After a series of post-college nonprofit jobs, she resumed making pottery about three years ago.
“I was really restless and kept thinking about pottery, because I hadn’t done it for years. I really wanted to get on the pottery wheel, for whatever reason.”
In September, Mrs. McGee started to rent studio time at Big Dog Pots Pottery in Marshall to find her groove again.
There she became good friends with Big Dog owner Lori Langford, who gave encouragement and talked about ways to market and sell her work, Mrs. McGee said.
“I think Lori was the one who planted the seed that I could actually make a business out of this. So she really started to coach me.”
Converting the family’s one-vehicle garage into a kiln- and potter’s wheel-equipped studio, Mrs. McGee launched home-based Blue Cypress Ceramics in April.
Owner, Blue Cypress Ceramics, Warrenton, April-present; studio assistant, Big Dog Pots Pottery, Marshall, September 2019-March; parish administrator, Trinity Episcopal Church, Upperville, 2017-18; services and events manager, Kreeger Museum, Washington, D.C., 2011-16.
• Why do you do the job?
It’s just so rewarding to be able to pull your work out of the kiln and then be able to use it every day. That’s what kind of draws me to pottery — over painting canvass or making purely aesthetic pieces.
What keeps me coming back to it is the intense fulfillment when you finish a piece.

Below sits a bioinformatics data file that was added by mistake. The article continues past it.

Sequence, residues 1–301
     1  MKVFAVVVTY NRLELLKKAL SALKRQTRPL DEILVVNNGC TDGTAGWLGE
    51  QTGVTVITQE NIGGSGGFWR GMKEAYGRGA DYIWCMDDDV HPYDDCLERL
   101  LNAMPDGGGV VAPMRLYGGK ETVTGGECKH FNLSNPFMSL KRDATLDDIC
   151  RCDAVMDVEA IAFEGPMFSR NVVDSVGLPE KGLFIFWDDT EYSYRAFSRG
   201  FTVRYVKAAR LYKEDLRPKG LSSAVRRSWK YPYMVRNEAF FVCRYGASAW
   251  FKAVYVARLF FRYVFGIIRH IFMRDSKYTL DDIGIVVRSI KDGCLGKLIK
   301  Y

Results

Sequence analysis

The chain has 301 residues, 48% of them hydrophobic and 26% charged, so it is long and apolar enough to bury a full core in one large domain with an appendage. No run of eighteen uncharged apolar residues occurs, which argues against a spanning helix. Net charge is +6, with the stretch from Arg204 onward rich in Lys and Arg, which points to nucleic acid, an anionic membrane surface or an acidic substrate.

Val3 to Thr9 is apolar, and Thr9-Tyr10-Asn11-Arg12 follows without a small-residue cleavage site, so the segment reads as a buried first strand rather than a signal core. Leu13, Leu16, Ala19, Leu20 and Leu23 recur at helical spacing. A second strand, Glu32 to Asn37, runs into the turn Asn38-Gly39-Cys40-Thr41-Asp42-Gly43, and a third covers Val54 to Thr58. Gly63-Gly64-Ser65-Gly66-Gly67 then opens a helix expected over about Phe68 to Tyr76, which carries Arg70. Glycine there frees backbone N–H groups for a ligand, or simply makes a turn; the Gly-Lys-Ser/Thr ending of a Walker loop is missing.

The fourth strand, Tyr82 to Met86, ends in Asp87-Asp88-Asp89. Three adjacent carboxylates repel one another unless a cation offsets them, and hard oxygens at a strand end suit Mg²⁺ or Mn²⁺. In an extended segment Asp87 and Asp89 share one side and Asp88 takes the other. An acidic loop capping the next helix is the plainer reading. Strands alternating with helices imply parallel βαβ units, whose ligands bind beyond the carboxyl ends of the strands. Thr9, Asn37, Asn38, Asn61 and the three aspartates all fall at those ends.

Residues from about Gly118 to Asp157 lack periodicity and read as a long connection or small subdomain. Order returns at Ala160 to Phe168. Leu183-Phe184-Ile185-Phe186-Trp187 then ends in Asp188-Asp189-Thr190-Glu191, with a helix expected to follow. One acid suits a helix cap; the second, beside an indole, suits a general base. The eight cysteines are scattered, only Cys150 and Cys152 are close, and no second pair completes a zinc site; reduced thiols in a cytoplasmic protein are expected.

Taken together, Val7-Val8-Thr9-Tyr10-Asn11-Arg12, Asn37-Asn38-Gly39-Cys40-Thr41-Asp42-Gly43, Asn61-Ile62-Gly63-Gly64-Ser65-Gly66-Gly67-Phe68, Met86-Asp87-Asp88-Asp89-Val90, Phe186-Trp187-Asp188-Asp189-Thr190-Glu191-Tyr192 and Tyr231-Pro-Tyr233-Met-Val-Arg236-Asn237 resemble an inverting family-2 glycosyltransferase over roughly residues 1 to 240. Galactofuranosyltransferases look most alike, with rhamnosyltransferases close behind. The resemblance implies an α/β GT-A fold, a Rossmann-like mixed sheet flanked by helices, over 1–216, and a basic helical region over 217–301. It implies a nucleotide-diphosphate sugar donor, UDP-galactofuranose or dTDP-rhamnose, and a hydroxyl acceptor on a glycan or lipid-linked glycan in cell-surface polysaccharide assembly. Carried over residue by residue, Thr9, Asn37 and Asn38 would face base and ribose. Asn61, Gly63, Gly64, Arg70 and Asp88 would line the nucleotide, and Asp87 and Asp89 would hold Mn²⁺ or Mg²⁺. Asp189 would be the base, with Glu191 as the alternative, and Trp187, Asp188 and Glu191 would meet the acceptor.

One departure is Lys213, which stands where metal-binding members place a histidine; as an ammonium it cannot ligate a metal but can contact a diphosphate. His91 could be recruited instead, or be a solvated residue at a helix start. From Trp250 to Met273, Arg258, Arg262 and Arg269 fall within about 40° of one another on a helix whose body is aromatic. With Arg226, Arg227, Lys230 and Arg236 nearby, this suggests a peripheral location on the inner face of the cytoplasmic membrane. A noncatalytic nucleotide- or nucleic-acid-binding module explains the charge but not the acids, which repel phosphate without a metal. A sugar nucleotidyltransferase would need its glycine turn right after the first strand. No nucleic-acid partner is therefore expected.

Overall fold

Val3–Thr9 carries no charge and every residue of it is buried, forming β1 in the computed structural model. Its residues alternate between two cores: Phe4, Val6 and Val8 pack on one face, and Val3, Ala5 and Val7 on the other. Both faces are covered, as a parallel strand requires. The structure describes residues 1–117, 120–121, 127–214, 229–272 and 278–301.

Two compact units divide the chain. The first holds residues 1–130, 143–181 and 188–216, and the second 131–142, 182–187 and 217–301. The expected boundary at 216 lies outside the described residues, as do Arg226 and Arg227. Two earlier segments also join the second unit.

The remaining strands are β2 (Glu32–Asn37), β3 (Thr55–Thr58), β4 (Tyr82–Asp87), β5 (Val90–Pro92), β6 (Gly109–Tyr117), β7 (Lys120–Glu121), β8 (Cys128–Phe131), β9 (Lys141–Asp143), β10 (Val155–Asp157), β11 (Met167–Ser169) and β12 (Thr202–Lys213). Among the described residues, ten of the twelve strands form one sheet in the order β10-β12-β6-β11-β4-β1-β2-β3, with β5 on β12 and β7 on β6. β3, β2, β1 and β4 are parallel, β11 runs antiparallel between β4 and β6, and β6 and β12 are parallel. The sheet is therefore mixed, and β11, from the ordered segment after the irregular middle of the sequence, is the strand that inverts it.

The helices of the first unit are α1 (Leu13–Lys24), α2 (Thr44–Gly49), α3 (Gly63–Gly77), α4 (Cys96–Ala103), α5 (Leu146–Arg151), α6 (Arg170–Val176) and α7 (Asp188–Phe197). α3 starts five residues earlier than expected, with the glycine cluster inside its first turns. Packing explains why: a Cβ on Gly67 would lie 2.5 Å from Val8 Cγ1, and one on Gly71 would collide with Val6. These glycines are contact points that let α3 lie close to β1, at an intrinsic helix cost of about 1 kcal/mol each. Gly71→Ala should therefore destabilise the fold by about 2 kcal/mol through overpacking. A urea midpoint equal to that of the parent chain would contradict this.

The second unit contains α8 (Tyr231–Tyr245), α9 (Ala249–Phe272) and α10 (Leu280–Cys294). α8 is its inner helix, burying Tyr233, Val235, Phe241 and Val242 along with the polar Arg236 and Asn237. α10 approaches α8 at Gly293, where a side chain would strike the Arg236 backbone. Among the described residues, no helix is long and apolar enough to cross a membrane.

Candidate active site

Husband, Mike, 33; children, Jim, 3; Ellie, 18 months.
Bachelor’s degree, art history, University of Maryland, 2010; Leonardtown (Md.) High School, 2003.
• How long have you lived in Fauquier?
About five years.
• Why do you live here?
Before we moved here, we had pretty much lived all over the D.C.-metro area. After a while, I felt like I wanted to find a place with a sense of home. My husband felt kind of the same way.
We both grew up in rural areas, where in the middle of the night you could walk outside and you wouldn’t hear a single car go by. You just heard the animals. And I started to miss that.
Fauquier is close enough to the metro area that you still have that connection with other people, other cultures, other events. But it’s far enough away that you can really connect with nature.
• How do you describe this county?
People are really conscious of what makes this place special — the rolling hills, the big fields, the amazing forests preserved.
But they’re not overly isolationist. Everyone’s very friendly. And it’s almost like living in a little city, where everyone kind of gets to know one another.
• What would you change about Fauquier?
I don’t know. I don’t think I’ve been here long enough. We’re still in honeymoon phase with Fauquier County. We’re still in love with it.